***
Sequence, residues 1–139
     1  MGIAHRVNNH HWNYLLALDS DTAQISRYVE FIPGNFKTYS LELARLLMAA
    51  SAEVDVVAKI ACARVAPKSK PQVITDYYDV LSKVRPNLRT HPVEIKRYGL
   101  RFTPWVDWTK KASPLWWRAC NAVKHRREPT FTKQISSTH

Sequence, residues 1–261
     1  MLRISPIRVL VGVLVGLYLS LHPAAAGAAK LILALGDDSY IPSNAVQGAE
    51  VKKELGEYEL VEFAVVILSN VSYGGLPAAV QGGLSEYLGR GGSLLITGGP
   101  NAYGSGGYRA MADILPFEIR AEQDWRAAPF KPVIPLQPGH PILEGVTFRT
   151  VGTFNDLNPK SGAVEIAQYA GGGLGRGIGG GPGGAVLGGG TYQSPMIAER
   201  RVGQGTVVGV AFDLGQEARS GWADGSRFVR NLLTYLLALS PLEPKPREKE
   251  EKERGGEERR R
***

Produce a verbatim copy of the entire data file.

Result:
Sequence, residues 1–139
     1  MGIAHRVNNH HWNYLLALDS DTAQISRYVE FIPGNFKTYS LELARLLMAA
    51  SAEVDVVAKI ACARVAPKSK PQVITDYYDV LSKVRPNLRT HPVEIKRYGL
   101  RFTPWVDWTK KASPLWWRAC NAVKHRREPT FTKQISSTH

Sequence, residues 1–261
     1  MLRISPIRVL VGVLVGLYLS LHPAAAGAAK LILALGDDSY IPSNAVQGAE
    51  VKKELGEYEL VEFAVVILSN VSYGGLPAAV QGGLSEYLGR GGSLLITGGP
   101  NAYGSGGYRA MADILPFEIR AEQDWRAAPF KPVIPLQPGH PILEGVTFRT
   151  VGTFNDLNPK SGAVEIAQYA GGGLGRGIGG GPGGAVLGGG TYQSPMIAER
   201  RVGQGTVVGV AFDLGQEARS GWADGSRFVR NLLTYLLALS PLEPKPREKE
   251  EKERGGEERR R